Wednesday, January 19, 2011

Planning on H1B Stamping in India - Please read this on 221(g)

Wednesday, January 19, 2011 | ,

For all the H1B holder planning to stamp their H1B visa in coming months should read this important information on

H1B and H-4 Visa Applications in India Plagued by 221(g) Refusals: Part 1
Posted 14.Jan.2011

Historically, the U.S. consulates in India have had a reputation for closely scrutinizing visa applications. The standards at the consulates for H1B visas were quite strict, even prior to the U.S. Citizenship and Immigration Services' (USCIS's) implementation of stricter adjudications policies. Recently, however, the consular rates of reported issuance of 221(g) visa refusals and denials have reached a critical level. At the present time,
it would be wise for H1B workers employed by IT consulting companies, as well as their H-4 spouses, that they limit international travel unless it is absolutely necessary. Those working for employers in other sectors also face risks that should be carefully considered before traveling internationally and applying for visa stamps abroad.

221(g) Ineligibility

The Immigration and Nationality Act (INA) Section 221(g) is a fairly generic provision, which states that consular officers cannot issue visas to applicants who are ineligible to receive the visas under any section of law, or if the visa applications do not comply with immigration laws and regulations. Put simply, 221(g) is a catchall provision for refusing a visa if, in the opinion of the consular officer, the applicant has not proven eligibility for visa issuance. The 221(g) is classified as a visa "refusal" and must be revealed as such in any later visa applications. This was addressed in our news article, 221(g) Visa Stamp is Considered a Visa Refusal (18.Dec.2009), available on MurthyDotCom.

For many applicants, the 221(g) notification (issued on various colors of paper) is not the end of the road. It is not uncommon for 221(g) visa refusals to be used by the consulates as a way of issuing requests for evidence (RFEs). They contain preprinted lists of documents, and consular officers check off the boxes corresponding to the additional documents needed to make their final decisions.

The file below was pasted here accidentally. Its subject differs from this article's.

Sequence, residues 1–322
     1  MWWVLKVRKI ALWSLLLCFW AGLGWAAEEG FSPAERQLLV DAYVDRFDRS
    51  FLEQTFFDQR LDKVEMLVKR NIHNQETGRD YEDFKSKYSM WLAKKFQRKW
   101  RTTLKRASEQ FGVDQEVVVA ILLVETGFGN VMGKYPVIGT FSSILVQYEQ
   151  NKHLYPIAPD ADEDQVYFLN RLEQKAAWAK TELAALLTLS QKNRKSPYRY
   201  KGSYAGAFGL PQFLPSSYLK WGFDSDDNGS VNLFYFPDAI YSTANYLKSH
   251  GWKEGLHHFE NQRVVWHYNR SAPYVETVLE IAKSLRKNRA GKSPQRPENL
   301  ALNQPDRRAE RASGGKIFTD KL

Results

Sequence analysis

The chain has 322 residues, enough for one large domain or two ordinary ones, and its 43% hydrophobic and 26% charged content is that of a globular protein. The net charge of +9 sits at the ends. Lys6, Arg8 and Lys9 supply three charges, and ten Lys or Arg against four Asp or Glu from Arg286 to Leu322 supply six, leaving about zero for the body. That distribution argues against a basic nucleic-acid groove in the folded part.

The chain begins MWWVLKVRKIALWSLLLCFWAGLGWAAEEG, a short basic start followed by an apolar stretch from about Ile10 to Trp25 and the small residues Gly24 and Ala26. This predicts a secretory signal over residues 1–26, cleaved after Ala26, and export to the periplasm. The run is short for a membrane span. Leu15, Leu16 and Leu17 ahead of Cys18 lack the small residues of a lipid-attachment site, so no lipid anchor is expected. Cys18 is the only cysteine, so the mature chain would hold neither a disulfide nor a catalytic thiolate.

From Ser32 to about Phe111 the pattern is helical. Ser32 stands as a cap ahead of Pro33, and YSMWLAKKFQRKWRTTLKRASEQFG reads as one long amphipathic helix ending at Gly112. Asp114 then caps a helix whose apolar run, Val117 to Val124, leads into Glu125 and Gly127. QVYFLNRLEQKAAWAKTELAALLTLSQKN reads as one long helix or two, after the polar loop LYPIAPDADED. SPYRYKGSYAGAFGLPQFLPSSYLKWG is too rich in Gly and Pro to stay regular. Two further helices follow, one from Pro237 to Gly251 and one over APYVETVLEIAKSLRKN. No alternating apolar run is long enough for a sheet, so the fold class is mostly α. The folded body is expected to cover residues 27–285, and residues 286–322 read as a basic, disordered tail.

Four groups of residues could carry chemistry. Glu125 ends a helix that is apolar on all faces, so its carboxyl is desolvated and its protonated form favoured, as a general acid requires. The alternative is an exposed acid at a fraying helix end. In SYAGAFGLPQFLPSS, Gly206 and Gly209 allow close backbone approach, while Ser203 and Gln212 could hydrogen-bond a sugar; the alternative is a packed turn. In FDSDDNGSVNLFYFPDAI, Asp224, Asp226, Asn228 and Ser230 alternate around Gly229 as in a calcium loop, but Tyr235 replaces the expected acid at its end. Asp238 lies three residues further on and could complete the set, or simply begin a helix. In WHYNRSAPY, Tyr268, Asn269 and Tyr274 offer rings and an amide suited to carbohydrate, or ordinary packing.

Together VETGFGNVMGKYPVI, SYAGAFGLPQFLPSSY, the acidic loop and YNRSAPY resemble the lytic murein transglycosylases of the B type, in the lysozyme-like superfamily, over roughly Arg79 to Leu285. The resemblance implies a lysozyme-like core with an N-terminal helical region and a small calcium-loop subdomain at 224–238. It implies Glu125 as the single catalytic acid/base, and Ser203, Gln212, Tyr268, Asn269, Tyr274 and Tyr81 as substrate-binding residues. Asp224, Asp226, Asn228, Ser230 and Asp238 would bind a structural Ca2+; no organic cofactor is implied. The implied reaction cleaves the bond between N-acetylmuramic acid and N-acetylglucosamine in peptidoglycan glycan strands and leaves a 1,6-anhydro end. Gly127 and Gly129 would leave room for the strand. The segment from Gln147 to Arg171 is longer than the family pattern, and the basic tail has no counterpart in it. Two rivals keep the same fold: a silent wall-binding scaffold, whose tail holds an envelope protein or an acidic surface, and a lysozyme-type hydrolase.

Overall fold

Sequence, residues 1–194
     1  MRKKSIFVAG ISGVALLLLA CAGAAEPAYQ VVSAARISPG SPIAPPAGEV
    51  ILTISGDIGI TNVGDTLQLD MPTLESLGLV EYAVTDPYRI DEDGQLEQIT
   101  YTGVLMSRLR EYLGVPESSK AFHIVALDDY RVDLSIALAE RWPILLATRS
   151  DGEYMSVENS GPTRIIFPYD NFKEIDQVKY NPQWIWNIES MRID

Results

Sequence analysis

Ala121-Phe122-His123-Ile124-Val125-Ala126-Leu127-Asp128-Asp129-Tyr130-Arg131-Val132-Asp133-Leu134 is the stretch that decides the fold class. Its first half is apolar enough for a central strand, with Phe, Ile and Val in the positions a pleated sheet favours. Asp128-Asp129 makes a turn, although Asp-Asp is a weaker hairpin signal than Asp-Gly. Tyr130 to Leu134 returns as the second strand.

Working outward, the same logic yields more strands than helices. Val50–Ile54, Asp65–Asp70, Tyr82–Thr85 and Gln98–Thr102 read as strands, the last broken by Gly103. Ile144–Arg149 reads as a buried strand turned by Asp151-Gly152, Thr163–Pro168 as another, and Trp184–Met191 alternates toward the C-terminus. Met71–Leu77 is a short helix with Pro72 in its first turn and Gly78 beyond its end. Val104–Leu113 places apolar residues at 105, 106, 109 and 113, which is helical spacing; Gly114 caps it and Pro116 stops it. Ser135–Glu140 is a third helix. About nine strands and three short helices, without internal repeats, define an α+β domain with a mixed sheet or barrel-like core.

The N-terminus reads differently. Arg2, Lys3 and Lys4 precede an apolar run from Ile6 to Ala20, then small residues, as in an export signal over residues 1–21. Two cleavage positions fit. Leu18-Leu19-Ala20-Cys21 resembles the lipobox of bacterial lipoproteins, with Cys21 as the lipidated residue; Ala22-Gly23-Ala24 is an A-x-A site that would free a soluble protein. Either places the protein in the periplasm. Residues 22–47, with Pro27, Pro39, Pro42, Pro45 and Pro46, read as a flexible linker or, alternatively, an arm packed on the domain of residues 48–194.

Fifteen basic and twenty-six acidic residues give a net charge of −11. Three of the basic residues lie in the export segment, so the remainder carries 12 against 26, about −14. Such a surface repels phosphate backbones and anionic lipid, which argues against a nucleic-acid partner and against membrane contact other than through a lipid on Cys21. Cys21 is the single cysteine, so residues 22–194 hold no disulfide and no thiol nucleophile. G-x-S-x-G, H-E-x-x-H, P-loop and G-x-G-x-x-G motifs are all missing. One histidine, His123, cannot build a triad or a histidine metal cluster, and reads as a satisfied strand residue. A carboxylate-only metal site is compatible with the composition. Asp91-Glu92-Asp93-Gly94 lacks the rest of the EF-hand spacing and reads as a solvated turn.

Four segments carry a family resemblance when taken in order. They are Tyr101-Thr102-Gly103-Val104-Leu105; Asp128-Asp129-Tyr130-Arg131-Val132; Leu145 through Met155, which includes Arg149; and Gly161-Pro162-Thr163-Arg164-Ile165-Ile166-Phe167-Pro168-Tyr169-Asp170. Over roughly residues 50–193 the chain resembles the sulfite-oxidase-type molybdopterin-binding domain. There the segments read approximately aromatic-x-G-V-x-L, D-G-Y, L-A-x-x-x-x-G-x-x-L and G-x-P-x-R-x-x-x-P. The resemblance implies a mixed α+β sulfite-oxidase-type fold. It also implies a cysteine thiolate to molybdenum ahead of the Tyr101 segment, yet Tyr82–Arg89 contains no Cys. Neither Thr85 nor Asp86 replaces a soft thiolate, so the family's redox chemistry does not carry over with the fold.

Some 221(g) notices are for administrative processing. These do not require additional documents from the applicant. They involve internal background checks on the applicant and/or the petitioning employer, if applicable.

Cases Receiving 221(g)s

The 221(g) can be issued in any type of visa application. We are receiving daily inquiries and requests for assistance from individuals and their employers after problems arise in their visa applications. The cases coming into the Murthy Law Firm and Murthy Immigration Services, Pvt. Ltd. (MISPL) in Chennai, India, most commonly involve IT consulting company employees applying for H1B visas. However, we are also receiving inquiries from individuals in other lines of work who have received the same treatment. While these types of cases represent a smaller proportion of those experiencing problems, it has become a common occurrence.

Why Visa Applicants Receive 221(g) Refusals

The 221(g) provisions have been used for many years to request additional documentation, or to put the application on "hold," pending additional background and security checks. What is occurring at the present time, however, is the seemingly universal use of a laundry list 221(g) in many H1B cases, without regard to the content of the H1B petition itself or documents and information offered at the interview.


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